LL:  I am always experiencing a crisis of faith. I think, honestly, faith should always be in some sort of crisis. It should always be propelling us forward. We should always be examining it, questioning it, seeing if its center still holds. Faith is an essential part of who I am, I keep coming back to it, because I keep coming back to myself.

TCR:  You are liberal, you are funny, educated, intelligent, and irreverent, and you are also a woman of faith, which I think goes against a stereotype some people have that being a Christian means being conservative, somber, even gullible. Do you think that these stereotypes about Christians have played a part in churches dying out? And can that be turned around?

LL:  Honestly, I am not one of a kind. I’m just loud and I force people to listen to me. But truly, there are so many women out there like us. Letting go of the old stereotypes means listening to the voices of all the women who have been doing and saying good, funny, important, faith-filled words for centuries. I hope my work, if anything, points to all of these other women. So yes, let those old stereotypes go and let’s listen to all the people out there saying what needs to be said.

TCR:  You wrote an essay called, “I’m A Great Cook. Now That I’m Divorced, I’m Never Cooking for a Man Again.” After you stopped cooking, did you have any residual feelings that you had to work through about women’s traditional roles as cooks, about it being considered “womanly” to be a good cook and to enjoy cooking?

LL:  It’s important to decide whose feelings you are feeling. Are they yours or are they the emotional labor others have foisted on you? Look, it’s not just about not cooking anymore, it’s about refusing to carry the burden others put on you for food and care and the labor—physical and emotional—that surrounds it. I’m too damn tired, and too busy to handle other people’s feelings about what I should or should not be doing. That’s for them to sort out on their own. In the meantime, my kids are happy and well-fed. And my life is easier.

TCR:  You write a lot about food in God Land, and at one point, you write: “The food of the church is one of its most powerful languages.” What is it, do you think, that is so powerful about food or about sharing food?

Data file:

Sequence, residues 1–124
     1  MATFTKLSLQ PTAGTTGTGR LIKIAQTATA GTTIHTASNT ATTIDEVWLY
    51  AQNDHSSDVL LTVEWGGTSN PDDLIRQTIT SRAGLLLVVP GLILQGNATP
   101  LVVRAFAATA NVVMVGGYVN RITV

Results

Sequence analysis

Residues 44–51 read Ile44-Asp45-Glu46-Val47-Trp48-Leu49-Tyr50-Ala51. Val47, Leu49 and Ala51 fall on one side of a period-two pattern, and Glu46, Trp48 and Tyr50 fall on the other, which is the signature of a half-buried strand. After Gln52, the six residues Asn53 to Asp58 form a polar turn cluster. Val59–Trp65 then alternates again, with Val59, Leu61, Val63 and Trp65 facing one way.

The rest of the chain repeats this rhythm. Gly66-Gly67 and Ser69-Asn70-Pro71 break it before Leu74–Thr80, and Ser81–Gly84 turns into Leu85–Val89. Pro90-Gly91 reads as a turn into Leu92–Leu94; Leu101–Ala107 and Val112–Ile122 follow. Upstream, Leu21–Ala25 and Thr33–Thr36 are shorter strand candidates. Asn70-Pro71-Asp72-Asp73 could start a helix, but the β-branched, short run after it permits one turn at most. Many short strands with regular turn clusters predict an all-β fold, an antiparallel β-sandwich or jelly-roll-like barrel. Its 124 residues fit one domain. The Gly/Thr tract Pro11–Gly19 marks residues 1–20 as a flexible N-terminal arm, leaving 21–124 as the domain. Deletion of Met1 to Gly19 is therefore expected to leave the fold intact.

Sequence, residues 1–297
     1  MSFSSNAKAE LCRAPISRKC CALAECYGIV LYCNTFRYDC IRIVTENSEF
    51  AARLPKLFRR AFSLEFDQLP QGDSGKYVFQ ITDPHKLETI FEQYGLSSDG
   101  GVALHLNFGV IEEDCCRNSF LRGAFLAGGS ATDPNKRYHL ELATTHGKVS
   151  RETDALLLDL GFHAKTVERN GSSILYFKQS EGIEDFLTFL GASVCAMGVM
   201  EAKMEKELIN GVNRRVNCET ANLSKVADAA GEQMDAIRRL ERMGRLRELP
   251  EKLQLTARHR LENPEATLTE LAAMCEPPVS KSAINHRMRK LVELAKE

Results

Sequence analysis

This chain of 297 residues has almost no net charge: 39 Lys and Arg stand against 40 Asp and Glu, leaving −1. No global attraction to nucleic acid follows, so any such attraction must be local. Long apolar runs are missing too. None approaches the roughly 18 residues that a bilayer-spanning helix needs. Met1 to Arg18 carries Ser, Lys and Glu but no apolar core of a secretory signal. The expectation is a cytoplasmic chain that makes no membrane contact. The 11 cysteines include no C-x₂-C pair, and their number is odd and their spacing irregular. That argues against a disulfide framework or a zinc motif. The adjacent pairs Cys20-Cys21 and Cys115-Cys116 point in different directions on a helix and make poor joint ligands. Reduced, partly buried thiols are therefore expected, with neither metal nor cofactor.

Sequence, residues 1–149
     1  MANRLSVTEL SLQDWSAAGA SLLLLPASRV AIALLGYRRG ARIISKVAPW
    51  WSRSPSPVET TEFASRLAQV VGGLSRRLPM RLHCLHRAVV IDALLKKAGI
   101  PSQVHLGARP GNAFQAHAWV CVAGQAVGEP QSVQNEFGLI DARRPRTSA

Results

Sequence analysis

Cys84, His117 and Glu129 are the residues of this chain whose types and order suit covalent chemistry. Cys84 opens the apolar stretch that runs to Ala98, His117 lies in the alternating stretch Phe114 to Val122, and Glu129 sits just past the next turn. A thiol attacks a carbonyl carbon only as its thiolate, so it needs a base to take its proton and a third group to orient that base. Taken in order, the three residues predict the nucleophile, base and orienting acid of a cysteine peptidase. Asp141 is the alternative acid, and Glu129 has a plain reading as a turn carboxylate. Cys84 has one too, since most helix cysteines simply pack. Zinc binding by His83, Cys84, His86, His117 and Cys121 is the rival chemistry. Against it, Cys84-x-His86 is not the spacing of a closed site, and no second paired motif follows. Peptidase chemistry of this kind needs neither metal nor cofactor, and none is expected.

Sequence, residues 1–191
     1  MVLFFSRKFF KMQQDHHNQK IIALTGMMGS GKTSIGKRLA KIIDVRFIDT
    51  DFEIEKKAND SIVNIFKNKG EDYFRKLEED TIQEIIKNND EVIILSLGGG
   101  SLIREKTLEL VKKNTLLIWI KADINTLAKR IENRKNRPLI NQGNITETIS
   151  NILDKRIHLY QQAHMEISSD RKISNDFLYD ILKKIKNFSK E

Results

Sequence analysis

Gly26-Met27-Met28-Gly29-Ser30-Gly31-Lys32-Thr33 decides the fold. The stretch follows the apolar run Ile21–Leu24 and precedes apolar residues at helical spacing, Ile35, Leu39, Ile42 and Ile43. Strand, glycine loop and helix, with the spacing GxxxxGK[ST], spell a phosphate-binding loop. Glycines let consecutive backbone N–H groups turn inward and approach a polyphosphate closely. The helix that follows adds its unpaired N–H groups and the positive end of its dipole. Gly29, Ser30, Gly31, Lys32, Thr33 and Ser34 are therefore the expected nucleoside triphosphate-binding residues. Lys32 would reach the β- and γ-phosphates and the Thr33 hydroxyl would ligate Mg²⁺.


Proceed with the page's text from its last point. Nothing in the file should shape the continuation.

LL:  Food is an essential part of how community is created. And food says important things about who we are as a region and who we think we are. The food of the Midwest is hearty, thick, hot, cheesy, full of calories for long winters and hard work. Food also creates individual identity as well. We are what we eat in so many ways. I love food and love its complexity and history and I love the way people use it to say things they don’t know how to say.

TCR:  Going into the 2020 elections, what do you think people who do not live in the Midwest need to know or understand?

LL:  America is a big country, but we are not really that different. It cracks me up when people call Iowa Trump country. Like, Trump supporters don’t live in LA and drive a Prius too? Nah. Anyone who divides America up into “those who voted for him” and “those who didn’t” is fooling themselves about America and who we really are.

TCR:  Your second book, Belabored: A Vindication of the Rights of Pregnant Women[2], comes out in spring 2020. What can you tell us about Belabored? What inspired your subtitle, a play on Mary Wollstonecraft’s famous manifesto A Vindication of the Rights of Woman?

LL:  I think of Belabored as my manifesto for the uterus. It’s a book about reproductive rights and aims to shatter the mythology and medicine that we use to control women’s bodies.

Leanne Phillips is a writer based on California’s Central Coast. Her work has appeared or is forthcoming in the Los Angeles Review of Books, The RumpusThe Coachella Review, and elsewhere. You can find her at